Let's take water as an example. The choice of one method of irrigation over another depends on several factors, such as water availability, morphology and lie of the land, climate, location of the water source, etc. The water used in the paddy fields of the Po Valley, for example, comes from the Po and the Dora Baltea and has always been so, since the time of Ludovico il Moro (Duke of Milan from 1480 to 1499). If the temperature rises, especially in summer, or if there is not enough rain between February and March (as has been the case in recent years), the volume of glaciers decreases (IPCC, 2013). Consequently, adding a decrease in rainfall and an increase in heat waves (IPCC, 2013), the flow of our rivers is reduced, putting the work of Italian rice producers at serious risk. The impact of climate change could lead to a progressive diffusion of irrigation systems even in areas where they were not present or necessary before.

Heat and drought are also hastening the ripening of fruit trees. One example is the alarming news from the wine-growing sector, where warmer temperatures are forcing companies to bring forward the harvest. We are talking about 10 days on average, with peaks of two weeks for the producers most affected. This is also having an effect on the final product: a higher concentration of sugars in the grapes means that the wines will be more alcoholic. As the heat increases, so does the proliferation of new pests, brought in from around the world with the globalisation of markets. For example, the Popillia Japonica (a beetle native to Japan), which arrived in Italy in 2014, devastates crops and attacks wild, ornamental and forestry plants, leading to defoliation and destruction of the plant and flowers (Emilia Romagna Region, 2021). In addition to these problems caused by alien species, there is tropicalisation, i.e. the change in climate in temperate areas, which tend to take on characteristics of intertropical climates. This situation favours the formation of pseudo-cyclones, i.e. torrential rainfall that we commonly call 'water bombs'. The violence and unpredictability of these phenomena jeopardises harvests, especially when combined with the sudden frosts of the spring months. When the long nights with the mercury dropping below zero arrive after days of early summer weather, the repetitive alternation of weather can wipe out harvests and the income of many agricultural activities in a matter of minutes. According to Arpa data, between 6 and 7 April 2021 we had a very cold spell, with a temperature drop of 15 °C, snow showers of up to 300-500 metres from the north to the southern Apennines and even flakes as far as the sea in Trieste. Temperatures this low in April had not been seen for 20-30 years or more (lows of -9 °C in the Arezzo area, -6 °C in Perugia, -5 °C in Verona), beating the record of 8 April 2003 in various places. This sudden frost causes serious damage to agricultural crops and orchards, which were awakened early by the exaggerated heat of late March and early April (Nimbus, 2021).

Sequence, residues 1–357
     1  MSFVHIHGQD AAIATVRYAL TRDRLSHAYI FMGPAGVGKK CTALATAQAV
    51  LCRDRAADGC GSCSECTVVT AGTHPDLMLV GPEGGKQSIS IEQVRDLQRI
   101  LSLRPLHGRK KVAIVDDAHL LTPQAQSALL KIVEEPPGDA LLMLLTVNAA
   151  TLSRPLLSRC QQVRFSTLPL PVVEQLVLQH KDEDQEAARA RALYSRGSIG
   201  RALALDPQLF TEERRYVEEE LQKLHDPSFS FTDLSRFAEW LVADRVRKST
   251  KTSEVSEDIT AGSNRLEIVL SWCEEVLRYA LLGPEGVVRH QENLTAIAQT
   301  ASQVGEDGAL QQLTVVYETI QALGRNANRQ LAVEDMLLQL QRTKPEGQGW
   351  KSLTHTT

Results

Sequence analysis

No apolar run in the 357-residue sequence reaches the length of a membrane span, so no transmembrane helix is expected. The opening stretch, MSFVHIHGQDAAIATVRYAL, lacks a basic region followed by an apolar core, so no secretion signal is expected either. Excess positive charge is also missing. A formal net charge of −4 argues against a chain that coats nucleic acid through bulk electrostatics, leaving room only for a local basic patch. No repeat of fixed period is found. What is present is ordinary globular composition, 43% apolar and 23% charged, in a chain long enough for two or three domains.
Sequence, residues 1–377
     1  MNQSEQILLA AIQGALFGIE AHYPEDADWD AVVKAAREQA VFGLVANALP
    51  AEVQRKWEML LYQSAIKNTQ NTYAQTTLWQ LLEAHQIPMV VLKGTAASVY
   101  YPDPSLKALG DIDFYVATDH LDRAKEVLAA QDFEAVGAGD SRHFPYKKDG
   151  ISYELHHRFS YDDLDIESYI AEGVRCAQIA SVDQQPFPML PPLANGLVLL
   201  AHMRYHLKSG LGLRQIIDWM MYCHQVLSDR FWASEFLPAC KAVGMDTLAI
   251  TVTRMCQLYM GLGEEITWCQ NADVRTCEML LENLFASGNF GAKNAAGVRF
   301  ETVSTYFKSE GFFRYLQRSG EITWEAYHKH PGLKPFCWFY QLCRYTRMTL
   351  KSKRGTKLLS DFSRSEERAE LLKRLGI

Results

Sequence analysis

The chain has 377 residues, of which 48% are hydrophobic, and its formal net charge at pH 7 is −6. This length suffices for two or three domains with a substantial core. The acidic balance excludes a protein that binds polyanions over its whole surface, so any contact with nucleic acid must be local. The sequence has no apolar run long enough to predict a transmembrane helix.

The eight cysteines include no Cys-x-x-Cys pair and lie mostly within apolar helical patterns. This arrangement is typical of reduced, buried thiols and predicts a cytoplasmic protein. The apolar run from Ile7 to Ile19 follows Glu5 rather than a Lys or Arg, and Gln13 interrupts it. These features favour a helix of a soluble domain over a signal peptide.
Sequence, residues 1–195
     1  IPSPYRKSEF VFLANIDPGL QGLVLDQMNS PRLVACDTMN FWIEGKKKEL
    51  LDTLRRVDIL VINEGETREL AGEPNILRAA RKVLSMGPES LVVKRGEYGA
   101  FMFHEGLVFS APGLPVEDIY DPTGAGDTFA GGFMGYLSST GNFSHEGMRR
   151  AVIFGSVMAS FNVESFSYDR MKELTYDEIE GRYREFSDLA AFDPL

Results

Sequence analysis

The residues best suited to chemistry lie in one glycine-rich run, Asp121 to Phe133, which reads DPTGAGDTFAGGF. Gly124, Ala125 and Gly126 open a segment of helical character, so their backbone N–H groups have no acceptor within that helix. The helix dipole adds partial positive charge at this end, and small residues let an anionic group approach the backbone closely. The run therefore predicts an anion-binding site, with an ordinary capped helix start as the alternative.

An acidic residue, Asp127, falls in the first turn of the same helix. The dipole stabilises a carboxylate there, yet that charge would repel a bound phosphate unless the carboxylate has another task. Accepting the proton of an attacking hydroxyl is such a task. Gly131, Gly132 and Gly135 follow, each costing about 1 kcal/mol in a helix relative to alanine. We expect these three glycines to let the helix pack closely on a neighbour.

According to the United Nations Intergovernmental Panel on Climate Change (IPCC) - the global scientific body dedicated to the study of climate change - the adoption of more sustainable agronomic practices could reduce emissions responsible for global warming to 5.5-6 billion tonnes by 2030 (Ismea, 2014). Much can be done through carbon sequestration in the soil, the containment of methane in livestock and rice fields and the reduction of N2O (nitrous oxide) emissions in arable crops.